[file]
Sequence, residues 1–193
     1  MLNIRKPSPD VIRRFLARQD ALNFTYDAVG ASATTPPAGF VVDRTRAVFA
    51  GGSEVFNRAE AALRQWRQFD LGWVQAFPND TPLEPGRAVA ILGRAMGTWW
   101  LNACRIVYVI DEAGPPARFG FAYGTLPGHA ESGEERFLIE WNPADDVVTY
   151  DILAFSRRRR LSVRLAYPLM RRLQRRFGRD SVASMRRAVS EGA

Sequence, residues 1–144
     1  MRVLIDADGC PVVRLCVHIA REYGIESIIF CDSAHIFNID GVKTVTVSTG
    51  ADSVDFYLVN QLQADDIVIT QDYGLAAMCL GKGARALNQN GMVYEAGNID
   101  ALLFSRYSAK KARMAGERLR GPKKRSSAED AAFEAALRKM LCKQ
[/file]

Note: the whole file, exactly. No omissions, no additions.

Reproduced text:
Sequence, residues 1–193
     1  MLNIRKPSPD VIRRFLARQD ALNFTYDAVG ASATTPPAGF VVDRTRAVFA
    51  GGSEVFNRAE AALRQWRQFD LGWVQAFPND TPLEPGRAVA ILGRAMGTWW
   101  LNACRIVYVI DEAGPPARFG FAYGTLPGHA ESGEERFLIE WNPADDVVTY
   151  DILAFSRRRR LSVRLAYPLM RRLQRRFGRD SVASMRRAVS EGA

Sequence, residues 1–144
     1  MRVLIDADGC PVVRLCVHIA REYGIESIIF CDSAHIFNID GVKTVTVSTG
    51  ADSVDFYLVN QLQADDIVIT QDYGLAAMCL GKGARALNQN GMVYEAGNID
   101  ALLFSRYSAK KARMAGERLR GPKKRSSAED AAFEAALRKM LCKQ